The Clubhouse Podcast
Rob Reviews "A Bad Idea Gone Wrong"
This has been a strong year for the Dallas International Film Festival, with a number of films shown at it getting larger distribution as the year has gone on. One such film (which I unfortunately missed the first time around) was “A Bad Idea Gone Wrong”. Directed and written by Jason Headley, this is the story of Marlon (Matt Jones) and Leo (Will Rogers), a couple of friends who decide they need to rob something and get that “big score” in order for them to give them the life they feel they deserve. When they find a house to rob, they end up arming the alarm of the house, locking themselves in. While they try to figure out how to get themselves out, they run into Darcy (Eleanore Pienta), the house sitter, who doesn’t know the alarm code either.
Think of a John Hughes film about burglars that are not really burglars but want to be burglars paired with “Clerks” style dialogue as well as the latter’s relationships between its characters, and that is about what “A Bad Idea Gone Wrong” really is. This concept may feel a bit like a trainwreck when you read it, but it really isn’t. Keeping its cast small and confined within the space of an upper class house gives the actors a chance to do some real work here, and all three of them do a good job of keeping the story moving. Jones and Rogers work the kinda-bad-cop and really-wants-to-be-bad-cop relationship well (although I may have missed what brought them to want to stage a robbery to begin with outside of finding Easy Street), and Pienta is the nice balance between them and on a certain level is the piece of the puzzle that each of them is missing in each other. For Leo, she is the wild side that he wishes he could be and for Marlon, she is the logical side that he doesn’t realize he is lacking.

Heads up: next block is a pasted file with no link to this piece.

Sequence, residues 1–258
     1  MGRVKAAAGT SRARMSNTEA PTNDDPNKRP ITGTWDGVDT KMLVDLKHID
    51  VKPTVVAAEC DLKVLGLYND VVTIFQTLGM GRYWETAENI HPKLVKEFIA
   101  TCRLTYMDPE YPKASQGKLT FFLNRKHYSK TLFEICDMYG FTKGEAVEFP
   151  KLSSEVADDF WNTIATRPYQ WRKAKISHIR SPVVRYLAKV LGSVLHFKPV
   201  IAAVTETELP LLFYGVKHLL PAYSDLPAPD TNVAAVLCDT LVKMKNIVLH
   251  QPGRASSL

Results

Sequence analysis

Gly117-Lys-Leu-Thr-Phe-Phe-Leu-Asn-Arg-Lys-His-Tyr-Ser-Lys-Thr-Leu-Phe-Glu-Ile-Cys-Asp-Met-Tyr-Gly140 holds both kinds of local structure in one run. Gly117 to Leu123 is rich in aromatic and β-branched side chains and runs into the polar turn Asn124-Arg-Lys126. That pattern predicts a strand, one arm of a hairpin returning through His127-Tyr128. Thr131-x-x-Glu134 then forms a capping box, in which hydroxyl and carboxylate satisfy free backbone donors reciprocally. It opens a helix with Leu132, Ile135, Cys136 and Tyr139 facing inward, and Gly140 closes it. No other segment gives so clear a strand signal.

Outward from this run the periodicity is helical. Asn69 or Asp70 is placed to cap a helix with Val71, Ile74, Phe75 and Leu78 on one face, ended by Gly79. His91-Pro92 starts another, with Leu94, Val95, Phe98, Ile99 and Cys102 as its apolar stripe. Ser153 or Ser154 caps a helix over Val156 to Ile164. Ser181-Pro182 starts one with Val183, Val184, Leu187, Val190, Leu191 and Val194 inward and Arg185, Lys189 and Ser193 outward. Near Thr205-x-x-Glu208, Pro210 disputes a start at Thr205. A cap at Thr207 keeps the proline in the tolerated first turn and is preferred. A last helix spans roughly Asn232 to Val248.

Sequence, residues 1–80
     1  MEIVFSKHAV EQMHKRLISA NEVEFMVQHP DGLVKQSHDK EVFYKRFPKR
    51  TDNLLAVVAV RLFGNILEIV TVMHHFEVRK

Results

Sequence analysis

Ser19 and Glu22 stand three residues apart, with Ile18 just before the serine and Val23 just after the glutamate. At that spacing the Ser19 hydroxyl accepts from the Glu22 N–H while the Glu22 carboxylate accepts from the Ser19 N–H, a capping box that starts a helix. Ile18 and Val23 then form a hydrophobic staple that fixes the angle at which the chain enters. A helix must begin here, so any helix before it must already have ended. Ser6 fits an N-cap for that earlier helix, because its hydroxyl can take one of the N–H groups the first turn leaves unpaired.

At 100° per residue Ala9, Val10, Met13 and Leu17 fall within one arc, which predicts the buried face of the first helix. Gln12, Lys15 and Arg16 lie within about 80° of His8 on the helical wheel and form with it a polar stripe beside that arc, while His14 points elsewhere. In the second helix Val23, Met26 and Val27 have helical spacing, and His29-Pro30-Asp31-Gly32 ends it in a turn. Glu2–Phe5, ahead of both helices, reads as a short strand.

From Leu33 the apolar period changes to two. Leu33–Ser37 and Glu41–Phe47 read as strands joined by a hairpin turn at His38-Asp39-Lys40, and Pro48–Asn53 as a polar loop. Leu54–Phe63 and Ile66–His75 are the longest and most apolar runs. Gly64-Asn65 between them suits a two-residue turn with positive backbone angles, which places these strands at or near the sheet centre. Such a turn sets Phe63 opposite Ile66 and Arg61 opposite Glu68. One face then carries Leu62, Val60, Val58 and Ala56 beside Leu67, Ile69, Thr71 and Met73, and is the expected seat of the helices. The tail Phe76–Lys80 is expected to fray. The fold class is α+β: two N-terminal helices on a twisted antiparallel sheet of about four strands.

“A Bad Idea Gone Wrong” is an independent film that is not an “indie” film. There is no art-for-art’s-sake vibe here, and no one is really trying to turn the industry on its ear in an attempt to force anyone to stand up and notice. Instead, Headley puts together an interesting character study of three people with different motives and different paths that fate puts together to figure out who they are, where they are going, and why they are going there.